Wednesday, July 21st, 2010

Why New Yorkers Should Still Be (Kind Of) Excited About The Knicks

Man of the hourI could have changed the history of the city of New York. Back when the Mayor was busting his pockets trying to land the NBA's prime free agent-back when anything was possible and any team could land LeBron James-I got recruited to help. A friend of a friend asked me to select soundtrack for part of the campaign, presumably because I write about basketball and the perils of Ikea's Expedit, exclusively.

But journalistic ethics got the best of me, and I politely declined. So if you're still looking for a scapegoat, I'm your man.

In the end, though, I'm happy with how things turned out for the Knicks, and you should be, too. That's kind of my specialty: convincing fans that their uneven, flighty team is in fact a thing of beauty. And, with a dark age about to fall where next to no team, other than Miami, has a shot at a title, this kind of off-beat charisma and a sense of danger is about the most you can hope for. Forget the competitive pressures of playing in New York; in large part, New York City athletes just need to justify their celebrity status.

Many will miss David Lee, even though studies have shown that the man never was, and is unlikely to ever become, Jewish. Amar'e Stoudemire has at least made a valiant effort over the last few days, vowing to travel to Israel and issuing a guilt-laden statement about leaving Phoenix. He also instinctively gets that the bigger the personality, the easier a Knicks team can divert attention from its play-and build up its own kind of legend. As in, Danilo Gallinari is now free to go from franchise player to sneering, three-point drilling I-talian growing up in public.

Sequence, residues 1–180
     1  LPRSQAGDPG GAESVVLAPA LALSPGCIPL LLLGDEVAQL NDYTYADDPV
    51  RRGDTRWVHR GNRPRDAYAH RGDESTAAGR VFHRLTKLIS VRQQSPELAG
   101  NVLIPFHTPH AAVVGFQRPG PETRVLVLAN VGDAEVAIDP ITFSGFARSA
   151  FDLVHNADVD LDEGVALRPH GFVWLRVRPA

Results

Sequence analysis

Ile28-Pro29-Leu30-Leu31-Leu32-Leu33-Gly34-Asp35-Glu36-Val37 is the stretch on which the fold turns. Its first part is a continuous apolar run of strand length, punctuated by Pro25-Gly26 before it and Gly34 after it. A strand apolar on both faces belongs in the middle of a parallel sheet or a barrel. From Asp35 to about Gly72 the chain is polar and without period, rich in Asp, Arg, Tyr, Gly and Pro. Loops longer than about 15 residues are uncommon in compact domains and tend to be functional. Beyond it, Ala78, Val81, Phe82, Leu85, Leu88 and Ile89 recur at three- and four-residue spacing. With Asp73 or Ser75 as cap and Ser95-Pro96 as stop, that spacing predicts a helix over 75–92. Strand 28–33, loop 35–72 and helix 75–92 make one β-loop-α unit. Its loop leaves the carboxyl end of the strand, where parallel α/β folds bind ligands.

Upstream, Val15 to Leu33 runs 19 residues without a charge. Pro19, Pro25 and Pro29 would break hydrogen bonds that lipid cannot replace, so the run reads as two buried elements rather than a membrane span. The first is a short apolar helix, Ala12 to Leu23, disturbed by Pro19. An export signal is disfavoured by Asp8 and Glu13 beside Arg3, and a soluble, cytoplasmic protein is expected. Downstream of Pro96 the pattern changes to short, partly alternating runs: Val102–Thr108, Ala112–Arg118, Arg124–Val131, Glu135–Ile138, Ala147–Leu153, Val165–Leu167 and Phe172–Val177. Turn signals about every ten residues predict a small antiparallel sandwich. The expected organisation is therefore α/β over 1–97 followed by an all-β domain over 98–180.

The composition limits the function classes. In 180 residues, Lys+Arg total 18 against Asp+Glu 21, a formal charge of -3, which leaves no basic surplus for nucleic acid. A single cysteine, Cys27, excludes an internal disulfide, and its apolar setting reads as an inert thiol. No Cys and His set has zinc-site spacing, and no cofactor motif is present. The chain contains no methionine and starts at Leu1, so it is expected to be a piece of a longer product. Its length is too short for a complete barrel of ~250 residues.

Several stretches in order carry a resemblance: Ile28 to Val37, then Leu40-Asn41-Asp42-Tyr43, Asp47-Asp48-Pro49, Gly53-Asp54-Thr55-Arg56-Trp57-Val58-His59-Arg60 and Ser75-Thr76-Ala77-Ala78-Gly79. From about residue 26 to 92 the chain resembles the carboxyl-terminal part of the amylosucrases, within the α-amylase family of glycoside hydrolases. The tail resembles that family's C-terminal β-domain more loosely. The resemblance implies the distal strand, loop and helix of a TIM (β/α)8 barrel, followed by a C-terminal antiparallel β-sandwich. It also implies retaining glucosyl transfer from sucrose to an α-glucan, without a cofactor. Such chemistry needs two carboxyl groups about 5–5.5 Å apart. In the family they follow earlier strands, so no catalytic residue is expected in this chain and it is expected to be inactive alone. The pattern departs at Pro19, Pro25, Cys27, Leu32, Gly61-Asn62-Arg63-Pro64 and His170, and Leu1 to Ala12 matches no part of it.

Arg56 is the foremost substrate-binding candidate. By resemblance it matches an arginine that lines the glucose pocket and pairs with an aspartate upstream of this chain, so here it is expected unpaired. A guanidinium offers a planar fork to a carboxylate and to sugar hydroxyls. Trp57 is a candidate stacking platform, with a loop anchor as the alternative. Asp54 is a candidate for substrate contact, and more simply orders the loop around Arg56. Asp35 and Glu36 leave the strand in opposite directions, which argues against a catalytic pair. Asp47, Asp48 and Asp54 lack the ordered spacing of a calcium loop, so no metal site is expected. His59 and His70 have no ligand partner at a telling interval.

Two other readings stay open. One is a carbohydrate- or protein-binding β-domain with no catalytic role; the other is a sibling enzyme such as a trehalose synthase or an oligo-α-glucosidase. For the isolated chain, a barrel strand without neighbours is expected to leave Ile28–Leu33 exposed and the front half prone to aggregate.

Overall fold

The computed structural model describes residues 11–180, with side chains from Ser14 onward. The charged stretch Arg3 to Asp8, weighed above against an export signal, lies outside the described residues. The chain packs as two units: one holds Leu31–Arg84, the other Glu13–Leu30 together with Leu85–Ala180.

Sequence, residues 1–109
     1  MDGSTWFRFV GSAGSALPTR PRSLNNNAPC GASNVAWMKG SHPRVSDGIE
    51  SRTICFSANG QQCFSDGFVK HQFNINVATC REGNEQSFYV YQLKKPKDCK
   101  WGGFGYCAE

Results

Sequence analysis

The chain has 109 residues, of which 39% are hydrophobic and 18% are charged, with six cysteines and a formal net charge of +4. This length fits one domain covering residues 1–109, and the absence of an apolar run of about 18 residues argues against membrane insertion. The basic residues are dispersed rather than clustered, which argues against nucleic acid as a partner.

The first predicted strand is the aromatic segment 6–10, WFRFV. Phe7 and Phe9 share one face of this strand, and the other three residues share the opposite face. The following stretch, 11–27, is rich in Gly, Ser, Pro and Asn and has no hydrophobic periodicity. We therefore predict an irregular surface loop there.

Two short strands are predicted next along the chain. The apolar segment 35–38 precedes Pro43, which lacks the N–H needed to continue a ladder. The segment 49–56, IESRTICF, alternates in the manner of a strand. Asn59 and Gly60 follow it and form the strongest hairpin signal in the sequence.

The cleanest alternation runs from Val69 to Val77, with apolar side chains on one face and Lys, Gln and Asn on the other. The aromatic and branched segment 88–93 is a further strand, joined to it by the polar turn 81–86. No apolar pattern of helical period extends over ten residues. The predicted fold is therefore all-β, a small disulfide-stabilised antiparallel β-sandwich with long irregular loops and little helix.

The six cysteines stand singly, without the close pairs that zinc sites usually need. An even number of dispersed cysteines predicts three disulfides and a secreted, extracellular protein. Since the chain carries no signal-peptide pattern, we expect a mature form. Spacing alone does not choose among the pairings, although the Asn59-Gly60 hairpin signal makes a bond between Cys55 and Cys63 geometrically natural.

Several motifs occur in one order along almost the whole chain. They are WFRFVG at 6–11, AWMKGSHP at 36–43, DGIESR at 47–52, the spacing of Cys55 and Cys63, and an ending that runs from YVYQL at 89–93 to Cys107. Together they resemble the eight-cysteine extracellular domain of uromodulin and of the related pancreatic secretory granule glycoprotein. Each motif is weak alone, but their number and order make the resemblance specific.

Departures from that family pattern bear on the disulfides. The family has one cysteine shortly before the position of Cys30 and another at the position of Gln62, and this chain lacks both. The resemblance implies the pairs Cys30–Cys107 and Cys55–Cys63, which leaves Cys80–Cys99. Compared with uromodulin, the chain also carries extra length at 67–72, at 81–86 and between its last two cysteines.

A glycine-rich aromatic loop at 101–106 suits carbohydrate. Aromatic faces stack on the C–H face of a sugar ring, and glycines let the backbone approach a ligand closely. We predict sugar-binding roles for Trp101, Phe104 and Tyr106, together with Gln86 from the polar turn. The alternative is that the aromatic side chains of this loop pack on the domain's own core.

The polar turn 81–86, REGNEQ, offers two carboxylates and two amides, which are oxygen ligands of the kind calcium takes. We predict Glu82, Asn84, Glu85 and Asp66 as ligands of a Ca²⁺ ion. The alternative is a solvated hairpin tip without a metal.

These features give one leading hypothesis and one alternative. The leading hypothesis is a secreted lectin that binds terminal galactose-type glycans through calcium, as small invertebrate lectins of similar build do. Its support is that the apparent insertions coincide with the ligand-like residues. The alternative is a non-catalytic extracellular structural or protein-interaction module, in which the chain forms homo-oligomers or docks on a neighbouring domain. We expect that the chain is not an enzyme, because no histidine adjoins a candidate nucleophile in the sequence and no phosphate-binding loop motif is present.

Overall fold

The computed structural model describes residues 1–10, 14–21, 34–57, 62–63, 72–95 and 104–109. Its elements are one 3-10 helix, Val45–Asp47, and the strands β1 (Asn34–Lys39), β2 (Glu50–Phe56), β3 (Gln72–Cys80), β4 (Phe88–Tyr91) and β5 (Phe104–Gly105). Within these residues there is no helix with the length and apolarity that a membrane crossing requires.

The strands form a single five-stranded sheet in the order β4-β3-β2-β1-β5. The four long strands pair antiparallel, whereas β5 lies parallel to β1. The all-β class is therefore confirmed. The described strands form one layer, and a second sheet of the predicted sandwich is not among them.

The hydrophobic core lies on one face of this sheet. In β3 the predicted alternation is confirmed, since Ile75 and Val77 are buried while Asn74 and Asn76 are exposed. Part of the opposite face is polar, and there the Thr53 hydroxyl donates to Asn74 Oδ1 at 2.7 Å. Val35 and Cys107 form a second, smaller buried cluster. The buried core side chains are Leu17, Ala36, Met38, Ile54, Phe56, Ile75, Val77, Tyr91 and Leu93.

And then there's Anthony Randolph.

Randolph is the quintessential NBA cult figure: lost, found, and pitied back into oblivion several times over after only two seasons in the league. As a player, his skills are limitless. Coach Mike D'Antoni talks about the twenty-two year-old like Weapon X; if Amar'e is like a volcanic eruption around the basket, and Gallo a tall, hot-and-cool international emissary, Randolph is several thousands theories of basketball colliding in the same place at the same time. He's a 6'11" gawky slingshot of a player born on the wrong side of the Berlin Wall, drafted out of LSU in 2008 after one inconclusive year, and projected as a raw, bouncy beanpole. Instead, within weeks he revealed that he could pass, handle, and terrify all manner of opponents with his shot-blocking and speed-demon response time.